• Replace normal social activities with remote ones that don’t put you at risk, such as voice or video calls, online activities or even talking to neighbors through the window. Experiment to find what works.
Take extra precautions when out in public.
  • Try to adjust your schedule to avoid times when lots of people are out.
  • Leverage dedicated shopping times for vulnerable people if available in your community.
  • Practice physical distancing – maintain a distance of at least 2 meters / 6 feet at all times.
  • Wear a cloth mask or face covering in public places.
  • Carry hand sanitizer (if available) and wash your hands as soon as you enter or exit your home, or touch anything outside (or that has been outside) of your home.
  • Exchange goods at a 2 meters / 6 feet distance to protect store and delivery workers as well as yourself.
Make work as safe as possible.
  • Work from home if possible and supported by your employer, even if it’s just for part of the week or part of a day.
  • If not possible, look into modifications in how you work that enables you to maintain a distance of at least 2 meters / 6 feet at all times.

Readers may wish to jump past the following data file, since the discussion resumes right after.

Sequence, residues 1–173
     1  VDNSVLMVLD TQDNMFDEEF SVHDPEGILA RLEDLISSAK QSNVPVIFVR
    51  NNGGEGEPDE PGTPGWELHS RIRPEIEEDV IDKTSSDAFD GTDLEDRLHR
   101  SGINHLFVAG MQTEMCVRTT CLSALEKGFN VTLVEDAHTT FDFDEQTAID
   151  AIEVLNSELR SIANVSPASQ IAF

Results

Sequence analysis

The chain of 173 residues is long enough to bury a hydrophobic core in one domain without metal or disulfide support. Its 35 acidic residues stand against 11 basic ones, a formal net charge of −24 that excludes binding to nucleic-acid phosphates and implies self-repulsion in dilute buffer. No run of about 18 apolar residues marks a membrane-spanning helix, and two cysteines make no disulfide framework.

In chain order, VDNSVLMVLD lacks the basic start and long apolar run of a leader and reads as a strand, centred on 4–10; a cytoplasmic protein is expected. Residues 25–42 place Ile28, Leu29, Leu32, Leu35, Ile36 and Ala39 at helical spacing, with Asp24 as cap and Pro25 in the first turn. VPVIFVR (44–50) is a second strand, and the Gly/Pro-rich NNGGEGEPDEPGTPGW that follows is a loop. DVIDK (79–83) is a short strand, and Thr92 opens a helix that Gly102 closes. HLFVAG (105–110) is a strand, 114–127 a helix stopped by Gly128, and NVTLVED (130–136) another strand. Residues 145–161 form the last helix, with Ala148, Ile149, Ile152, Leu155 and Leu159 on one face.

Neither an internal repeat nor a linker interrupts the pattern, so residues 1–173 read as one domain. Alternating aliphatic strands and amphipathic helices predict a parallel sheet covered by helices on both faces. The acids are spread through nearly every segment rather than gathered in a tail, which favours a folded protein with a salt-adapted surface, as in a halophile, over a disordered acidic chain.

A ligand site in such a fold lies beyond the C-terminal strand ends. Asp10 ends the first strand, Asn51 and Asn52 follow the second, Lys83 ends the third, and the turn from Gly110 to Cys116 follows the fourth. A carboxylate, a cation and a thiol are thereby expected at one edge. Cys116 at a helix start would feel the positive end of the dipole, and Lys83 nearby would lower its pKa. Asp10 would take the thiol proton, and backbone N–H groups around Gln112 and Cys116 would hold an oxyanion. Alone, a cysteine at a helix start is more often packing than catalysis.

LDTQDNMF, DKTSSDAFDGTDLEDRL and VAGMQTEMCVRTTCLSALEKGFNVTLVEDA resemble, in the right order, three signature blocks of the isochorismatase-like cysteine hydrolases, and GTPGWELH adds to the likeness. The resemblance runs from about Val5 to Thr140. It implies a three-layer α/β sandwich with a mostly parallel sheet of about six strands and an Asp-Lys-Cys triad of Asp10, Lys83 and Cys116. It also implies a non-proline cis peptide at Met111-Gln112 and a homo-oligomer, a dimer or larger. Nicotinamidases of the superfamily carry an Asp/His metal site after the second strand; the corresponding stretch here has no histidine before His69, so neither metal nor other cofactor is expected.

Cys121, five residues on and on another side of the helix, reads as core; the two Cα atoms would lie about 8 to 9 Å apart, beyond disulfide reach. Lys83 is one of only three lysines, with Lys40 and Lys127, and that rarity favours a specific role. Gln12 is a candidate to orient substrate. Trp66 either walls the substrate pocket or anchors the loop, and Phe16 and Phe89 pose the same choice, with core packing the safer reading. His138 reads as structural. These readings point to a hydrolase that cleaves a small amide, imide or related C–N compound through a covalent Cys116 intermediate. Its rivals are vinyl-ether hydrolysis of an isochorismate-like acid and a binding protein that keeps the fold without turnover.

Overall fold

• See if you can adjust your work schedule to be in your workplaces at hours when there are fewer people present.
  • Talk to your employers about flexible work options for higher-risk individuals. This may include:
    • Swapping tasks with high-risk coworkers that may allow them to stay home or maintain physical distancing.
    • Working remotely where high-risk coworkers are not able to do so, to reduce the number of people present in the workplace.

Increase baseline health to lower the risk of severe infection.

Manage diabetes as well as you can.
  • Check your blood sugar levels more often; your body may react differently under these new circumstances. Prioritize keeping blood sugar levels in target range during this stressful time.
  • Familiarize yourself with how to check for ketones. Check for ketones regularly, regardless of blood sugar levels